Seeing what is not seen


Authors
Gabrielle Jackson
State University of New York, Stony Brook
Abstract
This paper connects ideas from twentieth century Gestalt psychology, experiments in vision science, and Maurice Merleau-Ponty’s phenomenology of perception. I propose that when we engage in simple sensorimotor tasks whose successful completion is open, our behavior may be motivated by practical perceptual awareness alone, responding to invariant features of the perceptual field that are invisible to other forms of perceptual awareness. On this view, we see more than we think we see, as evidenced by our skillful bodily behavior.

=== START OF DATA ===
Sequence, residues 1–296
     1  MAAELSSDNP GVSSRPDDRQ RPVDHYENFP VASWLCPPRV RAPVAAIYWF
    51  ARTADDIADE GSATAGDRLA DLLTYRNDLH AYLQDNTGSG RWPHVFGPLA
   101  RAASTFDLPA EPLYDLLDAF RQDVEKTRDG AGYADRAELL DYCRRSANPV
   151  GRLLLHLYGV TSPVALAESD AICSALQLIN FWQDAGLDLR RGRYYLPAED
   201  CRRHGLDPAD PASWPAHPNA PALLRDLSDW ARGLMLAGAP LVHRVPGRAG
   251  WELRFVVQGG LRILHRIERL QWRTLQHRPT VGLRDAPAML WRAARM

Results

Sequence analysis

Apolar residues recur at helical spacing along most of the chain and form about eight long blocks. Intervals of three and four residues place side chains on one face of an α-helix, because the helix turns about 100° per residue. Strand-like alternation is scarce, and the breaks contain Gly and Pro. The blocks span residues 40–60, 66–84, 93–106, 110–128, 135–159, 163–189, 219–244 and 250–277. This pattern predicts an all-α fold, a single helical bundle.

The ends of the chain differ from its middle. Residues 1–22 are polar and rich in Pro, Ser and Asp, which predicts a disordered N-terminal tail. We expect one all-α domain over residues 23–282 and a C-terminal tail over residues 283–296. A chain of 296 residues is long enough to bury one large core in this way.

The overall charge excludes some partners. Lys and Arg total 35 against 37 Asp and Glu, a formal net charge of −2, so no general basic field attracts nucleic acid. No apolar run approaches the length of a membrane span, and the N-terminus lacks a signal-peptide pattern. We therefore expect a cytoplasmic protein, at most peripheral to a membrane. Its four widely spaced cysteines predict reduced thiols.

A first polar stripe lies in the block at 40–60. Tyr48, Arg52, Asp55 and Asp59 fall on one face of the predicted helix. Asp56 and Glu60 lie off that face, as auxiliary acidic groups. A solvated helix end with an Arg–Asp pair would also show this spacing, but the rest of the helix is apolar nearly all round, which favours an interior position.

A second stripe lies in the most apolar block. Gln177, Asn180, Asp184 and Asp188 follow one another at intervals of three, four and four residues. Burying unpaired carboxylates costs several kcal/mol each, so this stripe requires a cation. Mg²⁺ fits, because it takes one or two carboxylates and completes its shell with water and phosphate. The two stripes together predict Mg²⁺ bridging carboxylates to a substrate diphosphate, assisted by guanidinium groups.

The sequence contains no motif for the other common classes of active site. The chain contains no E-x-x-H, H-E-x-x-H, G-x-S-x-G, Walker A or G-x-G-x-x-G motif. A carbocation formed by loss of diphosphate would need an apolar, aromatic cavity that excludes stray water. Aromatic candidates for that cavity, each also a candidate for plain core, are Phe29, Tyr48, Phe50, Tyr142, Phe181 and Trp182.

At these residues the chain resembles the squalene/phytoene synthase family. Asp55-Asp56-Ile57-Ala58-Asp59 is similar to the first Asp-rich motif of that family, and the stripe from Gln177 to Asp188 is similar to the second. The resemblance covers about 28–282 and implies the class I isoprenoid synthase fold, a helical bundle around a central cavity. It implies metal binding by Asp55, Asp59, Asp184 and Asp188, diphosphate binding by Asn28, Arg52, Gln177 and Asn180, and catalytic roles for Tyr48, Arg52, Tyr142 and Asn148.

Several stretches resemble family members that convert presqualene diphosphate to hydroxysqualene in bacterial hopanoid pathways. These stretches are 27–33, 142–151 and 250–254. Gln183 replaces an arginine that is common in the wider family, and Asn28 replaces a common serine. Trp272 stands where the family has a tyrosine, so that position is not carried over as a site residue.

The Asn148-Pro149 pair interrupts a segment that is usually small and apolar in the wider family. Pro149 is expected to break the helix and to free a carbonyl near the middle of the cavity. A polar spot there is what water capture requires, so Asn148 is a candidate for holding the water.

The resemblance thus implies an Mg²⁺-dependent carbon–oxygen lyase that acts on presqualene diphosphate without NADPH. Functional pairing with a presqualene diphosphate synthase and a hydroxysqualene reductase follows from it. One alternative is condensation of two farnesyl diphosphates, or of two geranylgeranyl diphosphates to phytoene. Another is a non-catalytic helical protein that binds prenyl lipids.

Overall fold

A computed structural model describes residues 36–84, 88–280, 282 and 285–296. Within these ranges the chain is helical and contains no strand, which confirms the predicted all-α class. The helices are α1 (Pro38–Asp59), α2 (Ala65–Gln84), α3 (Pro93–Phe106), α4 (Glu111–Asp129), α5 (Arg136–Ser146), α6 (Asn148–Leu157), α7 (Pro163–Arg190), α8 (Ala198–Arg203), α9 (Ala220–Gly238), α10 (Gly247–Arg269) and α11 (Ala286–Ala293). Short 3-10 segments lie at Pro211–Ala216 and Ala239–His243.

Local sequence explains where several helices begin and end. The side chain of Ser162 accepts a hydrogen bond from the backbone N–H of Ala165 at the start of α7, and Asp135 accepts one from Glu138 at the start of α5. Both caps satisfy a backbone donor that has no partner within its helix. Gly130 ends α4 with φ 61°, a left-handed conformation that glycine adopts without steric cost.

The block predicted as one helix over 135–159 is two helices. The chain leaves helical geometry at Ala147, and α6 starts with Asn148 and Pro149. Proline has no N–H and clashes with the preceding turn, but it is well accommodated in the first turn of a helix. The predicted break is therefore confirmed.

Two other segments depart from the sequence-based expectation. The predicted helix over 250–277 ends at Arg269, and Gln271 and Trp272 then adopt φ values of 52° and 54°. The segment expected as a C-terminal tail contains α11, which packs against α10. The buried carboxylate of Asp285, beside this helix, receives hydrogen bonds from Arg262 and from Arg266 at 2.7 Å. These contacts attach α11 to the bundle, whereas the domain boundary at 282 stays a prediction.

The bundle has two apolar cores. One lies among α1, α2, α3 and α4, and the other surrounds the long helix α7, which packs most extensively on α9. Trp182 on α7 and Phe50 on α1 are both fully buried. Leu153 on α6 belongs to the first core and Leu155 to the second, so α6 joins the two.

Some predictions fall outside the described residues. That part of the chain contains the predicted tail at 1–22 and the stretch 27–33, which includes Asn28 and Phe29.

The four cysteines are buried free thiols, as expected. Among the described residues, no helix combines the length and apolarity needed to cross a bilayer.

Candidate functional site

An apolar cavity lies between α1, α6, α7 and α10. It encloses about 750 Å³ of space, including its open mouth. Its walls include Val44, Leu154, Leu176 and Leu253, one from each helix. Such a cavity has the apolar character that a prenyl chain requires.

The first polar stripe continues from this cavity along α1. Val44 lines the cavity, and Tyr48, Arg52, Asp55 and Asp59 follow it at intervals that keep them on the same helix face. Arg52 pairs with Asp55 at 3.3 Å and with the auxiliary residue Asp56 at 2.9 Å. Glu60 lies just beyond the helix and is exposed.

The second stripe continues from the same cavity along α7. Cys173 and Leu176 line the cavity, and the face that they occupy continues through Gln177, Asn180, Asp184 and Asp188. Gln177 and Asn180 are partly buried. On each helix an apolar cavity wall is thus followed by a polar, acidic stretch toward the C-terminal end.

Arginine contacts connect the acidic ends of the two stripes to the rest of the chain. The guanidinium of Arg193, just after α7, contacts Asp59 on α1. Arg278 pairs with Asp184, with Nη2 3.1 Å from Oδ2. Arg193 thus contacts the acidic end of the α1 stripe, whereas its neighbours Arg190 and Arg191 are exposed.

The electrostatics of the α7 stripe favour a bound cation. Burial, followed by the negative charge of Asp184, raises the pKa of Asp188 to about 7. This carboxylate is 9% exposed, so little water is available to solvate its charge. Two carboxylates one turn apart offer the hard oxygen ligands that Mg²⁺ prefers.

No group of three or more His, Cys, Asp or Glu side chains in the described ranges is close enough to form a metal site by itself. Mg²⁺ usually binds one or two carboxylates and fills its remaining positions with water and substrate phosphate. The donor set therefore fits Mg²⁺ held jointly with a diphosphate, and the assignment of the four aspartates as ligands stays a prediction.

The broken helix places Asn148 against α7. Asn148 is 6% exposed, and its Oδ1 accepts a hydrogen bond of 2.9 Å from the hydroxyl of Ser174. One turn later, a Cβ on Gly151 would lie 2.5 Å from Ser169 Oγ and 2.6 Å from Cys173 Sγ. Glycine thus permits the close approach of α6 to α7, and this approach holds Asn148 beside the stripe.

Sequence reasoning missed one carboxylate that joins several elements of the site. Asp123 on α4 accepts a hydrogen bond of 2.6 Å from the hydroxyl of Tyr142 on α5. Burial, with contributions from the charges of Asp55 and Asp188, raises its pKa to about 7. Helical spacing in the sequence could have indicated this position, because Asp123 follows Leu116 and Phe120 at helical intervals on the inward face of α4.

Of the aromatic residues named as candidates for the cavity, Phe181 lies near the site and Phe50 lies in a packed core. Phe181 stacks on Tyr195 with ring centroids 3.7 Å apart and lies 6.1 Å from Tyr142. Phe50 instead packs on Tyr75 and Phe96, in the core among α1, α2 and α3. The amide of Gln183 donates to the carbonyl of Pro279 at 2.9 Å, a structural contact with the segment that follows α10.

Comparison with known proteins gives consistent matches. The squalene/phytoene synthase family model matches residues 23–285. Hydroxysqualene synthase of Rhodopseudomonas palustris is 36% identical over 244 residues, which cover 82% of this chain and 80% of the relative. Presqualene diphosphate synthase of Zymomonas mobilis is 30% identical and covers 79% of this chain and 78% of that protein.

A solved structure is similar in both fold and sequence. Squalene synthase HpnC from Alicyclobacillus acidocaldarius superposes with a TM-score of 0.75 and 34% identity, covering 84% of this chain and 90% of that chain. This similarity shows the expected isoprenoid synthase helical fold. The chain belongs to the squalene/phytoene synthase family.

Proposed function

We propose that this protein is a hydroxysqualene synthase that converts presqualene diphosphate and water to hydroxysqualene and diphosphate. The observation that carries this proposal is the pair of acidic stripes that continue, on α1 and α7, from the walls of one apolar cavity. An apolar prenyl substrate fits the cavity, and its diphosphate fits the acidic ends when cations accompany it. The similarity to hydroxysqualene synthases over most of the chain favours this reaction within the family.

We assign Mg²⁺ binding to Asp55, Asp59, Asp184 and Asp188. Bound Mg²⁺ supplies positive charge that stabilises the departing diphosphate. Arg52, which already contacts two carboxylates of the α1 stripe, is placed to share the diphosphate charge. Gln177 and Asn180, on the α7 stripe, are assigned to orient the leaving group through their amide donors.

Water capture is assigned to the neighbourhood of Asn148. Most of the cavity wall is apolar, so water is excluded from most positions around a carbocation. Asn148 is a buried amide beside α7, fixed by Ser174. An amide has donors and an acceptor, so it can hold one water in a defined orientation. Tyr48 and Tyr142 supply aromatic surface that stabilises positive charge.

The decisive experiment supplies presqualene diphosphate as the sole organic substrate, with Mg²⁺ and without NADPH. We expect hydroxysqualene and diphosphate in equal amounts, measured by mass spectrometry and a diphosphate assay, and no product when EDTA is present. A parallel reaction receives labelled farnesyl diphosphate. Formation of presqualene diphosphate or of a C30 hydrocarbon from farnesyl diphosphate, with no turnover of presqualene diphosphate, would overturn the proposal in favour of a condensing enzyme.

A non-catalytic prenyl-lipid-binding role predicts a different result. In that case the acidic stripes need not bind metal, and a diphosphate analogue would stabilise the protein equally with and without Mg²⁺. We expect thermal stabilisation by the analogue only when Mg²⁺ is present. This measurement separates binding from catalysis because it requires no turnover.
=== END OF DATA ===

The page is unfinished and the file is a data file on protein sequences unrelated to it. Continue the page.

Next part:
Keywords Merleau-Ponty  skill  isomorphism  Perceptual awareness  Presenceof absence  shape constancy  medial axis
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DOI 10.1007/s11097-017-9524-0
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References found in this work BETA

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Toward a Neurobiological Theory of Consciousness.Francis Crick & Christof Koch - 1990 - Seminars in the Neurosciences 2:263-275.
A Framework for Consciousness.Francis Crick & Christof Koch - 2003 - Nature Neuroscience 6:119-26.

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